Editor’s note: Archie Jarman joined the Horticulture Innovation Lab team as its new program officer, just in time to participate in the program’s annual meeting in March. He brings a wealth of international experience to this position, which includes coordinating the Horticulture Innovation Lab’s Regional Centers around the globe. Here is a brief interview to introduce you to Archie and his background. We hope you have a chance to meet him soon!
Question: Tell us about your background. How did you come to work for the Horticulture Innovation Lab?
Archie Jarman: By winding road. I worked for the fire service, which is a great career, and made some lifelong friends, but I had the international travel itch. So I studied International Social Welfare at Columbia University and also interned at the Millennium Villages Project with a focus on whether safety net programs improve childhood nutrition domestically and abroad. After graduating, I then worked at Arcadia Biosciences, Inc., as coordinator and then as project manager with excellent teams for their USAID-funded projects. The projects are aimed at improving the abiotic stress tolerance of rice and wheat in Africa and Southeast Asia and incorporated capacity building. The position at the Horticulture Innovation Lab seemed ideal in that I have strengths that could be beneficial for the program, but it also provided a lot of challenges for me to improve my weaknesses and learn. I am thankful it worked out! Very happy to join the team.
Can you tell us more about the projects and crops you were working with at Arcadia Biosciences?
The Horticulture Innovation Lab has selected Erin McGuire to serve as the program’s new associate director.
McGuire is an alumna of UC Davis, where she earned a master’s degree in international agricultural development and worked on a number of projects for the Horticulture Innovation Lab as a student and a staff analyst.
She has a lifelong interest in farming and nutrition policy, and her father owns a small farm. McGuire was most recently the policy director for the National Farm to School Network based in Washington, D.C., and previously served as the director of outreach for Congresswoman Chellie Pingree (D-Maine).
“Farmers can play an important role in improving nutrition for their communities — and increasing economic activity as well, especially in rural areas,” she said. “I’ve always loved being in the field and working with farmers directly, being able to bring their views into policy decisions and helping raise their voices for the greatest impact.”
Editor’s note: In 2015, Angelos Deltsidis joined the Horticulture Innovation Lab team at UC Davis as our new international postharvest specialist. Now that he has had six months to begin working on projects, we thought it might be nice to officially introduce him to you and give you an idea of what his role will be at the Horticulture Innovation Lab.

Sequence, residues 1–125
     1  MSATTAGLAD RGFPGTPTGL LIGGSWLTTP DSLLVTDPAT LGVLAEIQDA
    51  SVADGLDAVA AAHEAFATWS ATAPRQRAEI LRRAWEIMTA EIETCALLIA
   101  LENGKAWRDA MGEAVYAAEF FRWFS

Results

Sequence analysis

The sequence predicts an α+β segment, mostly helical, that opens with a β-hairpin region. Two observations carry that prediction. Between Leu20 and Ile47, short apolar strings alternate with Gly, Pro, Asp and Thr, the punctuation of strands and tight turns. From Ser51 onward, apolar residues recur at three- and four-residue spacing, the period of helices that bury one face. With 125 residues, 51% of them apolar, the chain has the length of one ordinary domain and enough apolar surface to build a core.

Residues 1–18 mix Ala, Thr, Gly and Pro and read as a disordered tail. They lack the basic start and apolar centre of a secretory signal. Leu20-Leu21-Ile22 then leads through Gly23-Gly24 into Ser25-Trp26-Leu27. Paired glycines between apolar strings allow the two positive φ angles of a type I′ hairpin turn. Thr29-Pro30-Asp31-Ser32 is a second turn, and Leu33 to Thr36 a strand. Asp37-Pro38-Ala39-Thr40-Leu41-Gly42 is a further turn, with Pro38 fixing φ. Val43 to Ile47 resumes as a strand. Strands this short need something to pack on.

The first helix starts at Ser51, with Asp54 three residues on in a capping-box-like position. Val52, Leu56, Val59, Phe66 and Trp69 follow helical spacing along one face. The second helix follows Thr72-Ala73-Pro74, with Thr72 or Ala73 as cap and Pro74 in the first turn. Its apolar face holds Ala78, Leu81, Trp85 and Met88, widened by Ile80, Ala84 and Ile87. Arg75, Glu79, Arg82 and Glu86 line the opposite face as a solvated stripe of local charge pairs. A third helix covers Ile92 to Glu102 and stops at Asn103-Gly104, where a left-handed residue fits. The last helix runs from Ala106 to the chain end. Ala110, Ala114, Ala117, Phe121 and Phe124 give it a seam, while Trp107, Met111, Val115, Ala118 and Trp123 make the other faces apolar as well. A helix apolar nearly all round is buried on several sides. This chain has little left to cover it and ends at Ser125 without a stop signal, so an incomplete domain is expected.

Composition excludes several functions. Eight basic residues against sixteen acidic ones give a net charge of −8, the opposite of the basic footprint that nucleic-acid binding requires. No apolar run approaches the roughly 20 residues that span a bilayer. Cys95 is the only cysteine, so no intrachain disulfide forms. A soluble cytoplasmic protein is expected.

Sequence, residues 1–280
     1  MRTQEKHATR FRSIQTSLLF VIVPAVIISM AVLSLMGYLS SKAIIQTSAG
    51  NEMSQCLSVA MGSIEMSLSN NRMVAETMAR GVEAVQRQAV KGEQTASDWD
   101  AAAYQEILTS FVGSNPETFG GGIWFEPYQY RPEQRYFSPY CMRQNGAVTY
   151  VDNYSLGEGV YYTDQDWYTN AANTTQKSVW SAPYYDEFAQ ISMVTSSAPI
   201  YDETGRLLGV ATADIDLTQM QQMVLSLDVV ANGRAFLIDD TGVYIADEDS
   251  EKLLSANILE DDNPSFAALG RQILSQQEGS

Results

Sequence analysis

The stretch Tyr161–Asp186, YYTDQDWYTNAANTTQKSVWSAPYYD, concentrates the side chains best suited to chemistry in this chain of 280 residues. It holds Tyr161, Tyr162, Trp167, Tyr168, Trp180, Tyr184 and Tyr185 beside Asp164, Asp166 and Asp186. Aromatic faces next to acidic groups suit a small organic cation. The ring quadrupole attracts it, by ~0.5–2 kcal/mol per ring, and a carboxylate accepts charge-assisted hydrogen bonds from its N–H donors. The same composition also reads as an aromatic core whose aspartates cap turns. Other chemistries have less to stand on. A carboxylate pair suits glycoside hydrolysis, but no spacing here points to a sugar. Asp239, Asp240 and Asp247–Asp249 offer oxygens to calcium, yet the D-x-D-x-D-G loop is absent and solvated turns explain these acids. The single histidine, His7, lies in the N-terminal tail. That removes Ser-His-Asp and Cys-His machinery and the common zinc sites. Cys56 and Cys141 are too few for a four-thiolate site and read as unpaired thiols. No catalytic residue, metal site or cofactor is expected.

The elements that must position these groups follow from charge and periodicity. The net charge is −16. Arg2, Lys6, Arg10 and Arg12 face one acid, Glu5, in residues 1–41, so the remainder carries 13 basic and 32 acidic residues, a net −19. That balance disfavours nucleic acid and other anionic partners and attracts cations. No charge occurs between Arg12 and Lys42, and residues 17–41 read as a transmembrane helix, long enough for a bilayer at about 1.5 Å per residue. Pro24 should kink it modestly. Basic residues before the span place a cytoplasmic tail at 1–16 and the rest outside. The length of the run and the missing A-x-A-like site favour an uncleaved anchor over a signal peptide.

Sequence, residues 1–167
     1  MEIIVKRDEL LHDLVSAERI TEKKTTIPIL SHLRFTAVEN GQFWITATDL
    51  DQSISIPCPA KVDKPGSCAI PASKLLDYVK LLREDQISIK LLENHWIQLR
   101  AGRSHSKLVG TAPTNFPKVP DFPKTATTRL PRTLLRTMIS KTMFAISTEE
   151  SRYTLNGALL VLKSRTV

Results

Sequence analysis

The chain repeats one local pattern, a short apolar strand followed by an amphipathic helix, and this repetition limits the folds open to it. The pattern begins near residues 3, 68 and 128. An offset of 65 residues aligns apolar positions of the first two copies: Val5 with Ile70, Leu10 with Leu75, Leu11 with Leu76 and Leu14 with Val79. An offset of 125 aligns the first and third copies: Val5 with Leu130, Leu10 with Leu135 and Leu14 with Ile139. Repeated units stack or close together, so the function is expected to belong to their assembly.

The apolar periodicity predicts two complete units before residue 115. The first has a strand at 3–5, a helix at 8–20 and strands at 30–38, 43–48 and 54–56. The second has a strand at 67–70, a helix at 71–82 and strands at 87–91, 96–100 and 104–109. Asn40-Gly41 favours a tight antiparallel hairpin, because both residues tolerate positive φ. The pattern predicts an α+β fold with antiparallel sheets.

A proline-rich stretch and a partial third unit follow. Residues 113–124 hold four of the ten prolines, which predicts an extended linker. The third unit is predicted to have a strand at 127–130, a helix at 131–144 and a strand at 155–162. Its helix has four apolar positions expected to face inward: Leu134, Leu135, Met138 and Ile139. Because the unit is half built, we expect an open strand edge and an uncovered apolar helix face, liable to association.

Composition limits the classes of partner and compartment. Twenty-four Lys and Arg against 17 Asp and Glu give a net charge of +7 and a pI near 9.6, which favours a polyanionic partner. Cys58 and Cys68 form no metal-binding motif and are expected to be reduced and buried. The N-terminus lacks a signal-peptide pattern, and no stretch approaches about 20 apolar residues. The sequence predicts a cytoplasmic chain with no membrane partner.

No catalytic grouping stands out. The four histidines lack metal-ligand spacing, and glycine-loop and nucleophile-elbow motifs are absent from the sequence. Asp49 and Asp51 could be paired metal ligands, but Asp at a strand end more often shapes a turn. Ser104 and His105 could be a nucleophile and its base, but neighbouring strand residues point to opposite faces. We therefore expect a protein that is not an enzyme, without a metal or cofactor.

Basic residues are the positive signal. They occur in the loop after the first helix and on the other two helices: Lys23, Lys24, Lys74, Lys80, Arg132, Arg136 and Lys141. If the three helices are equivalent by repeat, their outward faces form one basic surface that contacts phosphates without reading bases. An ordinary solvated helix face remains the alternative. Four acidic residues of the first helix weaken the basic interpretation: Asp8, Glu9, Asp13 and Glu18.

Question: Tell us about your background and how you ended up at the Horticulture Innovation Lab.
Angelos Deltsidis: I studied horticulture in Greece at the University of Thessaly as an undergraduate. I’m from an agricultural region in northeastern Greece called Thrace, but my family is not directly related to farming per se. My grandparents had a family farm, but we would just visit for fun and grow some potatoes or tomatoes for us to eat.
In my second year of undergraduate studies, I was an exchange student at the University of Florida and worked with Dr. Jeff Brecht.
Fun fact: Dr. Brecht and my advisor at Thessaly, George Nanos, were both students of Adel Kader at UC Davis. They weren’t here at the same time as each other, but they kind of knew each other just because they were both students of Kader.
Elizabeth Mitcham, UC Davis scientist, was honored by the American Society for Horticultural Science (ASHS) as its Outstanding International Horticulturist for 2015.
She accepted the award Aug. 4 at the ASHS annual conference in New Orleans. The award recognizes distinguished contributions to horticultural sciences for 10 years or more, with emphasis on international activities and impacts.
At UC Davis, Mitcham is director of both the Horticulture Innovation Lab and Postharvest Technology Center programs. As director of the internationally recognized Postharvest Technology Center, she has helped train professionals from more than 40 countries in how best to care for fruits and vegetables after harvest, to reduce food waste and improve food quality. She has hosted numerous foreign scientists and students in her lab at the UC Davis Department of Plant Sciences, where her research focuses on the regulation of fruit ripening, understanding calcium deficiency disorders, and maintaining fruit quality after harvest.
Mitcham also leads the Horticulture Innovation Lab, which targets fruit and vegetable research in developing countries to reduce poverty and improve nutrition. Her leadership helps build international partnerships between scientists and develop technologies that meet the horticultural needs of smallholder farmers. The program is funded by the U.S. Agency for International Development as part of Feed the Future, the U.S. government’s global hunger and food security initiative.